Sunday, March 27, 2011


As I pushed the pram over the rough ground, I breathed in deeply and smiled to myself. This is what I had imagined, those days last year when the belly was pushing at my waistband and my feet were swelling. The sky was blue, the sun was shining down on us and a smattering of t-shirt clad youths were spread over the grass, making the most of the beautiful weather. Elsie let out a sudden cry and I frowned. That wasn't in my hazy daydream of spring. I looked round the pram hood and saw her looking out, big eyes taking in the springlike scene, thumb hovering ready for when her eyelids grew too heavy. She was ok.

I carried on, zigzagging along the park's many paths, trying to slow my legs to the pace of someone who has nowhere to go. This doesn't come naturally. I always walk as if I'm on my way to work, or late for a meeting. A man stood, juggling five balls and I watched as he kept them all airbound. I noticed the other mums, and dads, silently pushing prams or chatting in pairs, and wondered about their charges. The sun had brought a crowd of lunchtime sunseekers out around the fountain and I snuck a look at them as we circled the water. There were schoolkids, sharing headphones and snickering in small groups. Couples were lying on the warm grass, entwined in their own private bubbles. Colleagues chewed on sandwiches, ties loosened and jackets folded neatly next to them.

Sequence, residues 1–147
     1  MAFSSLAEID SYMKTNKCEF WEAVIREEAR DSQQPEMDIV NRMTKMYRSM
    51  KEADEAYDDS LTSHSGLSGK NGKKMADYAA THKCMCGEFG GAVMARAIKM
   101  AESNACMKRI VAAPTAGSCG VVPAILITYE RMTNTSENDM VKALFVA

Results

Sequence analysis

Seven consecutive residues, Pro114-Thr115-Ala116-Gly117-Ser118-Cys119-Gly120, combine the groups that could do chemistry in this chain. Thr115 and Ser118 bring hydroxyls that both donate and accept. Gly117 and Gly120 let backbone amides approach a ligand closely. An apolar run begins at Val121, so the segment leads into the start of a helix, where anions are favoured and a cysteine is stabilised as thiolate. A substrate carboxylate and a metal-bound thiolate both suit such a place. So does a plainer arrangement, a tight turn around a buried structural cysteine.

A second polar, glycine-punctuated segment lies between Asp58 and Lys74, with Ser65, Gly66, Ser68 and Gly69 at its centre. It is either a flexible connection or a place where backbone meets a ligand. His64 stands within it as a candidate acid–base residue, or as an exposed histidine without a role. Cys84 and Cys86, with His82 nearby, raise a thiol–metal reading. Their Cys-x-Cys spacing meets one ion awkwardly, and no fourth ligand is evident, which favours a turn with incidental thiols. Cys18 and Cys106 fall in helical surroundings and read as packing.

Elsie's eyes were drooping as I peeked around the pram hood, but her hands were neatly resting in front of her, her thumb nowhere near her mouth. I continued through the grand arch, and down the paths through the trees. The parrots' squawking and the distant cries of children kicking a ball around almost covered the faint sounds of traffic. I trudged on, round flowerbeds full of colourful bulbs, behind statues, through pathways lined with benches and under enormous horse chestnut trees, buds close to bursting.

The next time I checked, Elsie's eyes were closed and I was struck, as I am each time I see it, by just how peaceful she looks when she sleeps. My job done, I paused briefly on a bench, rocking the pram with my foot and looking around at the scenes around me. Her first spring is getting off to a good start.

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